Just when I thought Christianity was about to enter the 23rd century and boldly go where no one has gone before, it turns out that at least nine Christians in Kentucky want to take Christianity back to the 18th century and boldly go where humanity should never have gone in the first place – a world where we ignore the words of St. Paul who wrote that “there is neither Jew nor Greek, there is neither bond nor free, there is neither male nor female: for ye are all one in Christ Jesus” (Galatians 3:28, KJV). Ouch! That's a pretty rough statement to hear – if you're someone who thinks banning “interracial” couples is a good way of preserving Church unity! An even more difficult verse must be Galatians 3:29: “And if ye be Christ's, then are ye Abraham's seed, and heirs according to the promise” (KJV). Got that? If you're a Christian, Paul (a Jew) says that you're actually the seed of Abraham (the father of the Jews) who – in case you didn't know -- wasn't from Kentucky, didn't have European ancestry and was actually from what is today known as modern day Iraq!
What's even more bizarre about a Church banning humans from marrying other humans based on the shade of their skin is that we're now closer to the world envisioned by Gene Roddenberry's Star Trek (often cited as the show where the first interracial kiss took place on U.S. television) than we are to the “good old days” where being dark skinned in a light skinned world would get you banned – from Church! I mean come on, banned from Church? What happened to the idea that Christ died for all (2 Corinthians 5:14)? Maybe these good folks need to go back and read all of Galatians again. Or perhaps they need to read the entire Bible which is filled with “interracial” marriages and relationships of all kinds (Song of Songs anyone?).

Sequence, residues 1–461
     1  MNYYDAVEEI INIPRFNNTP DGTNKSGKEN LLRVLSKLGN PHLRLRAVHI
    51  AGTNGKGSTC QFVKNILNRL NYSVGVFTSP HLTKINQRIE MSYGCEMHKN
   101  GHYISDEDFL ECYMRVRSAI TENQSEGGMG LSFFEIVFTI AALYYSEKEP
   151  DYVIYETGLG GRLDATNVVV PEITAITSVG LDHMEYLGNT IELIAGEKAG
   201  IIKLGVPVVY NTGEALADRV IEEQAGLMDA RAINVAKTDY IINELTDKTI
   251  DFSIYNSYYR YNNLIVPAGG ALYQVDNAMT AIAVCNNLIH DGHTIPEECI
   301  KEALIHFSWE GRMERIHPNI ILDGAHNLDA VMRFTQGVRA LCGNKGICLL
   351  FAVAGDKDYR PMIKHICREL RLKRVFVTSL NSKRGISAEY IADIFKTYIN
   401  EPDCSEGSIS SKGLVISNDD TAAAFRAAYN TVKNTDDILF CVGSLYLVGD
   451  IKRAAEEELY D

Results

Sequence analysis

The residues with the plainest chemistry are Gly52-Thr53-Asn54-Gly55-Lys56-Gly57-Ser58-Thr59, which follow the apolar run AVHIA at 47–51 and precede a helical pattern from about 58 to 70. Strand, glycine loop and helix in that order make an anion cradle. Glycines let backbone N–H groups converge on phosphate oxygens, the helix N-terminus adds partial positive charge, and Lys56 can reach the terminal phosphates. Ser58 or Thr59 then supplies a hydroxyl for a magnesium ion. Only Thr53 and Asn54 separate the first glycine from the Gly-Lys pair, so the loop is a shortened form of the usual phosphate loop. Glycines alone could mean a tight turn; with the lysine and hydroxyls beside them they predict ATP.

If and when we ever do encounter an extraterrestrial intelligence, and if and when our relations with these lifeforms grow strong enough to seriously consider true interracial marriage (marrying someone not a part of the human race), hopefully by then we will have outgrown our race's childish ethnic and religious tribalism, and realize that the human race may come in various shades, styles, and flavors but we are one species and one race: the human race, and nothing short of that realization is worthy of humanity or anything we should dare call Christian.